Boston Doctor Part Of Study That Could Change Treatment For Some Breast Cancers

View Comments
DianeSternGradient420x316 Diane Stern
Diane Stern is co-anchor of “The WBZ Afternoon News,” broadcast on WBZ...
Read More

CBS Boston (con't)

Affordable Care Act Updates: CBSBoston.com/ACA

Health News & Information: CBSBoston.com/Health

BOSTON (CBS) — A new study may change the way some breast cancers are treated.

WBZ NewsRadio 1030’s Diane Stern reports

Dr. Eric Winer, chief of the division of Women’s Cancers in the Susan F. Smith Center for Women’s Cancers at Dana-Farber,says researchers have discovered women with relatively small, HER2-positive breast tumors who received a combination of lower-intensity chemotherapy and a targeted therapy following surgery or radiation therapy, were very unlikely to have the cancer recur within a few years of treatment.

Winer is speaking about his breast cancer research at the San Antonio Breast Cancer Symposium, this week.

The findings offer, for the first time, a set of standard treatment guidelines for recurrence prevention in this group of patients.

“We tried to use a kind of gentler chemotherapy regime along with Herceptin. What we found was that women did extraordinarily well. What the Herceptin allowed us to do was back off on some of the harsher chemotherapy,” Winer said.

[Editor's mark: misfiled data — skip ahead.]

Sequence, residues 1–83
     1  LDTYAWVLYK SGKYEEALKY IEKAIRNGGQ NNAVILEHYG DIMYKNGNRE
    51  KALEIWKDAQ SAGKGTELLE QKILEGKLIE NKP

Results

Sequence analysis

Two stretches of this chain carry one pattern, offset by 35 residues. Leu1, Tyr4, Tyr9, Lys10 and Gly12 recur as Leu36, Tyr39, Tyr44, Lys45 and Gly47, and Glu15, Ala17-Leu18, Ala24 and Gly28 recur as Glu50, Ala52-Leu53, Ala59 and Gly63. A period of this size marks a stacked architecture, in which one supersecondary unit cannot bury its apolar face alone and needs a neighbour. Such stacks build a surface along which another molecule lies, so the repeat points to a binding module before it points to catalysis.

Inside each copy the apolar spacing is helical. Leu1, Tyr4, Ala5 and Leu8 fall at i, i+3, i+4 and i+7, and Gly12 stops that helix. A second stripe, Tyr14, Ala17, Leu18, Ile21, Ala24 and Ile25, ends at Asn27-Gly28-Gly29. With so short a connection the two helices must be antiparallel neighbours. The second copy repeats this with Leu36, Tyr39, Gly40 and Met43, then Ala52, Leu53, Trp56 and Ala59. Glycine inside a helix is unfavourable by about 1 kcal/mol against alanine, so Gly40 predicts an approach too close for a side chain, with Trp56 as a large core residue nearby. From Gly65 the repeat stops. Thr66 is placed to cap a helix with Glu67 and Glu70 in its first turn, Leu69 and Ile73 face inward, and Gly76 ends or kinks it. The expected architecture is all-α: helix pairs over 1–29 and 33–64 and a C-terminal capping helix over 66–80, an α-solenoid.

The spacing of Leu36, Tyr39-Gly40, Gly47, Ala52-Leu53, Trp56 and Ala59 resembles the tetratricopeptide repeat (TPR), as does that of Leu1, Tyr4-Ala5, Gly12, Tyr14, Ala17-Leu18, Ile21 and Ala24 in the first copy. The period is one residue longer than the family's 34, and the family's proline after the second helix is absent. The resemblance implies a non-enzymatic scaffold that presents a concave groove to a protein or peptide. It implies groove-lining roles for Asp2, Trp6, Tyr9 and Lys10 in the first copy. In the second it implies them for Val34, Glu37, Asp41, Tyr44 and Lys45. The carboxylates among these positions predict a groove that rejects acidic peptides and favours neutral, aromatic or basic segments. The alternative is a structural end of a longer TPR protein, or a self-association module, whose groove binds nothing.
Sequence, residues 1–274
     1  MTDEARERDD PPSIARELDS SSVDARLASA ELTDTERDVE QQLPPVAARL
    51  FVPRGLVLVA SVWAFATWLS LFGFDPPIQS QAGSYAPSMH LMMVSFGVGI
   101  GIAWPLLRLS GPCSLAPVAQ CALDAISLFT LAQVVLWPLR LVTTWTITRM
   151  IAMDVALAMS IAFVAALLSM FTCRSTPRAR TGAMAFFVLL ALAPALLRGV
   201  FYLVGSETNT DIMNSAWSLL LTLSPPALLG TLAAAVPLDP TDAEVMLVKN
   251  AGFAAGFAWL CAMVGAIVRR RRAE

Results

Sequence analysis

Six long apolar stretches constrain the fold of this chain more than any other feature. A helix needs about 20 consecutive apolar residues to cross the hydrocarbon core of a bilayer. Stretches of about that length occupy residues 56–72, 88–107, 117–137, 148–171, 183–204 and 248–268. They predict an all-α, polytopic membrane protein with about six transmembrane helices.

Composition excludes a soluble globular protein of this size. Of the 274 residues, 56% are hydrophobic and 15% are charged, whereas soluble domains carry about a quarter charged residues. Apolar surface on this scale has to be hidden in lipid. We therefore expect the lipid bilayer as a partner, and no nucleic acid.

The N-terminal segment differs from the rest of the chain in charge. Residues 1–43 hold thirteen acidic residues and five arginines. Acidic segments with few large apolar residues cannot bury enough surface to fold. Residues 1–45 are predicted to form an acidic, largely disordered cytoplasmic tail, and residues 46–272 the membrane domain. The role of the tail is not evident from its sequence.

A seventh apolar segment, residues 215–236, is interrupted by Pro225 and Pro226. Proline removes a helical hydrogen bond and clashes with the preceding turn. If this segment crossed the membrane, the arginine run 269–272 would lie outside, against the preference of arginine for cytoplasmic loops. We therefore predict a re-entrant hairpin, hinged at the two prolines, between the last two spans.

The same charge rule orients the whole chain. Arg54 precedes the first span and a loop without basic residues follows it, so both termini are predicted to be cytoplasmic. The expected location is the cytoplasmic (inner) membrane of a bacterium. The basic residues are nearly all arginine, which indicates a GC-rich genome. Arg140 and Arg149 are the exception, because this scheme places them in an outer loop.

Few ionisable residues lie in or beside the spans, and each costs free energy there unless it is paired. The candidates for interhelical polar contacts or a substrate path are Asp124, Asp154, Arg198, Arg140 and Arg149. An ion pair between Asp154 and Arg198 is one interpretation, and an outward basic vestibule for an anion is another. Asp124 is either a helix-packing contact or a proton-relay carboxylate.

The study enrolled 406 patients with HER2-positive, node-negative breast tumors smaller than 3 cm. They were treated with the drug combination for 12 weeks, followed by nine months of Herceptin alone

“The findings suggest that for many women with this type of breast cancer, this regimen should be considered one of the standard strategies for recurrence prevention,” Winer remarks.

After a median follow-up of 3.6 years, only two or three of the study participants experienced a recurrence of their cancer.

“As we develop better targeted therapies, more specific therapies for cancer, we may have the opportunity to back off on some of the more traditional that are some of the most feared therapies we’ve had because they are associated with some negative side effects,” Winer said.

MORE HEALTH NEWS FROM CBS BOSTON
View Comments
blog comments powered by Disqus
Follow

Get every new post delivered to your Inbox.

Join 2,162 other followers